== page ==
Syria and a global pandemic
A chara, – A new battleground in the nine-year conflict in Syria has opened up with confirmation of the first cases of Covid-19 in war-torn Idlib Province.
Four medical staff working in two hospitals on the border with Turkey have tested positive for the virus, and we are likely to see more in the coming days and weeks.
The consequences of an uncontrolled Covid-19 outbreak in northwest Syria are almost too terrible to contemplate, with around 2.3 million of the four million population in the opposition-controlled area displaced from their homes, living in overcrowded temporary shelter and all dependent on aid.
The controls that Ireland and countries around the globe have enacted in the past months to stem the spread of Covid-19 are neither practical nor possible in the refugee or displaced camp context. Although Goal staff in Syria have now reached over 800,000 people with information on controlling the spread of the virus, it is unrealistic to expect people who live in such conditions to be able to wash their hands often given the lack of running water, to wear masks, to sanitise, and to socially distance while living six or seven to a tent while a similarly full tent is inches on either side. In addition, the health system is overwhelmed after nine years of brutal conflict.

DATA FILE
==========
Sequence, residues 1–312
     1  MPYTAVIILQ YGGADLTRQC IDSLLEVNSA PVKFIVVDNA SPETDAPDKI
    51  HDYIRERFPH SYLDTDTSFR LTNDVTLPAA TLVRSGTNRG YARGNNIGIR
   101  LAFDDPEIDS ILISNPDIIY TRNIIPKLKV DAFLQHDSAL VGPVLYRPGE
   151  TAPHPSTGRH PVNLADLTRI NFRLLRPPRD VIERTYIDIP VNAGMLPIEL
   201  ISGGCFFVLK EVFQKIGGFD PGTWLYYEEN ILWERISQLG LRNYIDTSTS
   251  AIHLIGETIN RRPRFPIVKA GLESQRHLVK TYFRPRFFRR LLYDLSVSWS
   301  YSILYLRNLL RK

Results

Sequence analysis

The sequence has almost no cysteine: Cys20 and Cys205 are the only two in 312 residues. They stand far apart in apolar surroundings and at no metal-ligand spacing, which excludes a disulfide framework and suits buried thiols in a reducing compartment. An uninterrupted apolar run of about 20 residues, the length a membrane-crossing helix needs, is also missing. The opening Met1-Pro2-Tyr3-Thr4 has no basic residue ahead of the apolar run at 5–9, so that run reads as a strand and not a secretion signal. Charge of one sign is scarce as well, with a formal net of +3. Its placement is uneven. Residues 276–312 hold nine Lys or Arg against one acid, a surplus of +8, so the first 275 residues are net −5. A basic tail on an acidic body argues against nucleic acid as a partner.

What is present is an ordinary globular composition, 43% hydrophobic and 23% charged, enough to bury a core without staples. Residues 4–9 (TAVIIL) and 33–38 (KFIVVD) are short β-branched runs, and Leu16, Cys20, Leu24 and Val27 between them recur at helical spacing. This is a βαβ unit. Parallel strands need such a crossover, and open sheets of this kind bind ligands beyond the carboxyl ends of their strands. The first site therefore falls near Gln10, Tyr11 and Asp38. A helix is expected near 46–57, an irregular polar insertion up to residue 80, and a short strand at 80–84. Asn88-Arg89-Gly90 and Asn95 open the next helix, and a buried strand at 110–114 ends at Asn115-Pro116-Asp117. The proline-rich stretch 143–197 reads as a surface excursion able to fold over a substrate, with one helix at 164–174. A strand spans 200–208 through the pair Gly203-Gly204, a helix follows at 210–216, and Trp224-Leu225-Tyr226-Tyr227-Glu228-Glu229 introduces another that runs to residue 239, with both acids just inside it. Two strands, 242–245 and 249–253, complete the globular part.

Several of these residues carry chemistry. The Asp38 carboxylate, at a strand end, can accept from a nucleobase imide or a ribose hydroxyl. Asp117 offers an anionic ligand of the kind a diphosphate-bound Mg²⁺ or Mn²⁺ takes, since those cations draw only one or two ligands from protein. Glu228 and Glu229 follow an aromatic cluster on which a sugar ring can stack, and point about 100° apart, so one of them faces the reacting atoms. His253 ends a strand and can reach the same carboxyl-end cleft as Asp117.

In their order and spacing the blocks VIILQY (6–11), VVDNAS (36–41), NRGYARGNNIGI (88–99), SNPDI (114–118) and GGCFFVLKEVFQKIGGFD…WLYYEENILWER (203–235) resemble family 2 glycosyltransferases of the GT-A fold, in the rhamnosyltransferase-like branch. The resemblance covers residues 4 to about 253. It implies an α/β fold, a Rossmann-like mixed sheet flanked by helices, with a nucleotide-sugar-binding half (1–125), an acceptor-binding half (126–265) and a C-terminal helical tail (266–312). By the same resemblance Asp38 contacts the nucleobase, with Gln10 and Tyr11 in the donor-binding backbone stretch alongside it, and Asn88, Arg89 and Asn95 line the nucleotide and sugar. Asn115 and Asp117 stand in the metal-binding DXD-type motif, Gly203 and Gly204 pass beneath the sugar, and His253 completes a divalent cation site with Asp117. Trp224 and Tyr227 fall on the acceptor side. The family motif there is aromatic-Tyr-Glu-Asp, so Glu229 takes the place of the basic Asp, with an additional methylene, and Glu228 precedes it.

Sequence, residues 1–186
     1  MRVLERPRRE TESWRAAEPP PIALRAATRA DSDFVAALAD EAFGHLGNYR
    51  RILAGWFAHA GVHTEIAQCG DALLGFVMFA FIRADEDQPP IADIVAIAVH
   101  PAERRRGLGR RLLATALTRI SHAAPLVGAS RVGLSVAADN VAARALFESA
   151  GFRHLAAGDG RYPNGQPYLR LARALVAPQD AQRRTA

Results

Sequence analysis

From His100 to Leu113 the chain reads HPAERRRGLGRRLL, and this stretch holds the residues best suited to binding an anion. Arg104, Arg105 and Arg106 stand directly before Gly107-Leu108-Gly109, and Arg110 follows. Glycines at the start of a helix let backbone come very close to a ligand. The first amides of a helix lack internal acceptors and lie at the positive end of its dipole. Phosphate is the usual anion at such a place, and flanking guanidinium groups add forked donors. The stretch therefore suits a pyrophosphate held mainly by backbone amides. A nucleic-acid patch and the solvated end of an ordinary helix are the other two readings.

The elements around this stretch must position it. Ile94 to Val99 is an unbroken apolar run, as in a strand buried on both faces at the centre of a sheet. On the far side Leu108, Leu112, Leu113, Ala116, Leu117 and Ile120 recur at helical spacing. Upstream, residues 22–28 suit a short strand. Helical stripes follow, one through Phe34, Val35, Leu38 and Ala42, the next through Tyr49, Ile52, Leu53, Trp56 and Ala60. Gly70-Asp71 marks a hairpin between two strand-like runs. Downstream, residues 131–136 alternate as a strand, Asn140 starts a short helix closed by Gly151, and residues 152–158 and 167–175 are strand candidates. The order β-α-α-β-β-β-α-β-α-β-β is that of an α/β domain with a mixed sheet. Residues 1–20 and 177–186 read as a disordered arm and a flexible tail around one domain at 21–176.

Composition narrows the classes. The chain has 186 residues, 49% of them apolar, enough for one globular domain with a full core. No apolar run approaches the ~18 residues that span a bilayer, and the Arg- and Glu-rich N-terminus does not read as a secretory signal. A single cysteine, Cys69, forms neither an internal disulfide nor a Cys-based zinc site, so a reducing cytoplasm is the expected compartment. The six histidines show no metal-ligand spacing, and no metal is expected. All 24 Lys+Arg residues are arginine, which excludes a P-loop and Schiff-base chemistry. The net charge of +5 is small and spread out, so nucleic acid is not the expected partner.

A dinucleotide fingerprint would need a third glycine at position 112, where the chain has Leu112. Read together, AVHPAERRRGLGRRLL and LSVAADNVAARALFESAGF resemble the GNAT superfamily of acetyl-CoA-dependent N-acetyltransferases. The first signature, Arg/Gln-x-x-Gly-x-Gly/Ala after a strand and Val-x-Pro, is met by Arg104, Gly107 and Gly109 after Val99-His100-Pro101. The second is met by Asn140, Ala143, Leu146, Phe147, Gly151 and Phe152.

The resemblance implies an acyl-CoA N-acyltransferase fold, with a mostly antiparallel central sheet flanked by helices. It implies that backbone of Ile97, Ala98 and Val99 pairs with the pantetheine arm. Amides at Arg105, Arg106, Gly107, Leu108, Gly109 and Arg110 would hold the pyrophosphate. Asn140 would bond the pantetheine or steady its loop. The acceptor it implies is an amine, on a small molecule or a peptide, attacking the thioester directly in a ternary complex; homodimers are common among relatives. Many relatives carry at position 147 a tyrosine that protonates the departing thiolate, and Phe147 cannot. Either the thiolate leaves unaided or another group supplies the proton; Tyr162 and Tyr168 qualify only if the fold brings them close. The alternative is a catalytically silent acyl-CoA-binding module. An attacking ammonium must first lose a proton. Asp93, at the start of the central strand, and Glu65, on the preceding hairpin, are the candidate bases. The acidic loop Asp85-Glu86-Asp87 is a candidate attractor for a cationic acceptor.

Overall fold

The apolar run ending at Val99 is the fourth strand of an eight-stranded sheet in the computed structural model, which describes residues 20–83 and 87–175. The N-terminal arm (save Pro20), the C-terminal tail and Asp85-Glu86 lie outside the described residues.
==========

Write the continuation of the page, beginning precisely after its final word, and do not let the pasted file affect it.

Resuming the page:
Goal has been on the ground in northwest Syria since 2012, and is providing more than 1.1 million conflict-affected people with water, food and livelihoods.
We will continue to do everything that is humanly possible to support these populations.
Sustained support is needed from the international community. The world must not forget the plight of the people of Syria. – Yours, etc,
Sir, – Since 2011, an estimated half a million lives have been lost and over 16 million people have been displaced by war in Syria. Rather than increasing what little access remains, a UN Security Council veto by Russia and China resulted in new restrictions. This decision comes as the first Covid-19 case is confirmed in Idlib, a Syrian area close to the Turkish border.
The plight of the Syrian population remains urgent and ever more critical as millions still depend on humanitarian assistance for the most basic services such as food, shelter, water and medical care.
There is perhaps no more challenging active conflict than the Syrian war and there are no easy solutions.
The work of the non-permanent members of the UN Security Council has been essential in ensuring the needs of the civilian population were not forgotten in this deeply politicised conflict.
The Syrian people deserve real leadership in the search for conflict resolution.
We know that Ireland has been actively championing increased humanitarian access and will need to play an even more important role on the UN Security Council in 2021. – Yours, etc,
Source: Syria and a global pandemic